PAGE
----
Playing the comparison game is inevitable when you’re a mom. After all, there’s no one out there writing performance reports or handing out letter grades. One of the ways we evaluate how we’re doing is to compare our children to other people’s children, and, similarly, our activities to those of other moms (Eek! She donated to the bake sale and fit in a Spin class?). Sometimes the results of our comparisons are positive–we incorporate another mom’s discipline technique, or quick workout, or children’s play activity, for example. Too often, though, we tend to judge each other.
I’ve been thinking a lot about this judgment lately (must be the approach of Easter). Although I may not voice my critical thoughts, they’re there, and I want to work on my attitude.
In “Friends Let Friends Make Different Decisions,” from the latest MomSense magazine, Alexandra Kuykendall lists strategies for appreciating other moms. Here’s my take on them:
1. Clarify what’s important to you
And, I would add, realize that what’s important to you may not be important to everyone. I feel pretty passionately about a few parenting topics–healthy food, early potty training, daily reading, unstructured play. Even my parenting partner, though, has different priorities–child independence, tech savviness, and creative thinking are a few. We don’t all necessarily care if our kid comes home covered in mud (gasp!).
2. Allow others to come to different conclusions
Don’t force your opinions on others. I’ve tried hard since reading China Study and watching Forks over Knives not to shove my nutritional views on my friends. It’s difficult because I do feel passionately about it, but if they ask, I try to explain why I feed my kids the way I do without implying they should do the same. My friends are intelligent, reasonable women, and they can reach their own conclusions.
3. Acknowledge my circumstances
The place I’m at in life right now is not necessarily where I’ll be tomorrow, and as I change and evolve, I need to recognize that other moms may have already undergone that transition. My sister has three children, all older than mine, and I have caught myself saying over the years, “Oh, I will never do that.” She just smiles sweetly and says, “Wait.” She’s always right. Likewise, try not to judge new moms. Try to remember how difficult it was to “Sleep when the baby sleeps.” (I always found that to be the most irritating piece of advice!)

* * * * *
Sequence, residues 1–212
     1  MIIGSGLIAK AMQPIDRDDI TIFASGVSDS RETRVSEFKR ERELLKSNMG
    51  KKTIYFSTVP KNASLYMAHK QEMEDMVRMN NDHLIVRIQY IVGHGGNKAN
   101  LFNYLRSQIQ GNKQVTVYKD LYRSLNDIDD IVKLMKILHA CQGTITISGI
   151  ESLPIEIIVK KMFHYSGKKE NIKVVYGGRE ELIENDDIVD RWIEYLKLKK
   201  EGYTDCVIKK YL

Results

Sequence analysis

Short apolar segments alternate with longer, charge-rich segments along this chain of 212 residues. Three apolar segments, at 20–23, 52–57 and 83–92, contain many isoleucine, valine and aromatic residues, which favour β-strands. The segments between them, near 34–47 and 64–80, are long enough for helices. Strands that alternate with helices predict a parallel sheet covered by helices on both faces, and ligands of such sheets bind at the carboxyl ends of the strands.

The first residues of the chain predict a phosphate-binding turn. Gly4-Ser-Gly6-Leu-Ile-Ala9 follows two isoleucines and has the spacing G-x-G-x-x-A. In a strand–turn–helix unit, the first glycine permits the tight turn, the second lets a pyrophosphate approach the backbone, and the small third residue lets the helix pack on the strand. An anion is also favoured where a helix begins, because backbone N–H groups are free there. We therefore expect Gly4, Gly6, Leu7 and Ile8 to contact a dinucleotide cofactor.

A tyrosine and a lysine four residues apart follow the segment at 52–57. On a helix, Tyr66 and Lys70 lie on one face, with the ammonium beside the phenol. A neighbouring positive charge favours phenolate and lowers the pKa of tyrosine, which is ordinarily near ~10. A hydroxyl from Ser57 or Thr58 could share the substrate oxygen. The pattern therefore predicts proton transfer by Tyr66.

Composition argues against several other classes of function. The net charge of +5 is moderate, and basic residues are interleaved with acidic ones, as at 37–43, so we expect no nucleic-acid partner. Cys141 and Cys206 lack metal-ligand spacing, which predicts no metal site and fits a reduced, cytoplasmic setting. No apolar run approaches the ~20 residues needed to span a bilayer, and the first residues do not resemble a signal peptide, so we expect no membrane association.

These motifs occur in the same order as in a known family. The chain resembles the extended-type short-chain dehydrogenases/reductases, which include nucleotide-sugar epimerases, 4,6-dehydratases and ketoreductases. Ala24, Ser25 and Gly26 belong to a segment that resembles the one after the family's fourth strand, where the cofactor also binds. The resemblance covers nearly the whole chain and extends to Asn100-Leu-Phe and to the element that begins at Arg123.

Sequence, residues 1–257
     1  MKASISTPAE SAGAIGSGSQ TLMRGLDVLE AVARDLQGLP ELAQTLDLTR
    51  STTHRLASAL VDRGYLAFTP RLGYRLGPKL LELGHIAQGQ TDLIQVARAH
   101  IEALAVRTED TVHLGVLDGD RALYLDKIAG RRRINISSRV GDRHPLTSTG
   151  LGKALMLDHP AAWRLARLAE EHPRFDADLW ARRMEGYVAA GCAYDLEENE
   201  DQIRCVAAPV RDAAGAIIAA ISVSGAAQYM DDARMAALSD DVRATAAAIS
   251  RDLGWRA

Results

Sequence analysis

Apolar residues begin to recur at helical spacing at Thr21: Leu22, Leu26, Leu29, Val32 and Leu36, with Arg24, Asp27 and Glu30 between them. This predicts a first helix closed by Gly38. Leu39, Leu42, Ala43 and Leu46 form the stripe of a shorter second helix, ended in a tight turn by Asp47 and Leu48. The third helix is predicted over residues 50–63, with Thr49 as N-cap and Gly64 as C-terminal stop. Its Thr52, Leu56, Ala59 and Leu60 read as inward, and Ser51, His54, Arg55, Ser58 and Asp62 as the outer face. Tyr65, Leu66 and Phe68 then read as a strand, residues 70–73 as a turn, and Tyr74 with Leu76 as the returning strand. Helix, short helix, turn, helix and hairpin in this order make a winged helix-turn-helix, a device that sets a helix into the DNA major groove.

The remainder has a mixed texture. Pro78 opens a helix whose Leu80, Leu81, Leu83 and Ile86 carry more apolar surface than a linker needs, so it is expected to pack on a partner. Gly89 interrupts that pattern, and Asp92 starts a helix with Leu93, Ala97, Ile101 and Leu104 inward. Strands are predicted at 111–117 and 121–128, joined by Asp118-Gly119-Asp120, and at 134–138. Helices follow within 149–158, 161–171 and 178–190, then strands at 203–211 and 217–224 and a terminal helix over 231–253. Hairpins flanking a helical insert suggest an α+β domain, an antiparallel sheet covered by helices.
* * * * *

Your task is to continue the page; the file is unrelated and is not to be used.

4. Be open to changing my mind
Sometimes it’s tough to change your mind because it’s an admission that you may have been wrong. I was all for spanking our first child as a disciplinary method, but it became incredibly clear after just a few times that it is completely ineffective for her.
5. Admit when I don’t know
Who’s to say whether the Reggio learning method will be best for your child or not? We can’t predict the future, and our kids are certainly unpredictable! My child is different than every other kid out there. So don’t try to tell another mom she should do something a certain way if you don’t know. If she asks for your opinion, feel free to give it.
6. Recognize there’s no right answer
If only it were so simple…but if it were, there wouldn’t be thousands of parenting books out there, covering everything from tantrums to sleep training. Recognizing there may be many “right” answers can save you from unnecessary arguments. Healthy discussion is one thing, but if you’ve never seen a mother’s hackles raise when you question her decisions, count yourself lucky.
I think we’re all pretty aware of our shortcomings as parents. I am totally guilty of letting my kids watch too much T.V., for example. It’s something I work on, when I’m not too frazzled. Nobody’s perfect, so let’s just try to help one another through this very challenging thing we call motherhood.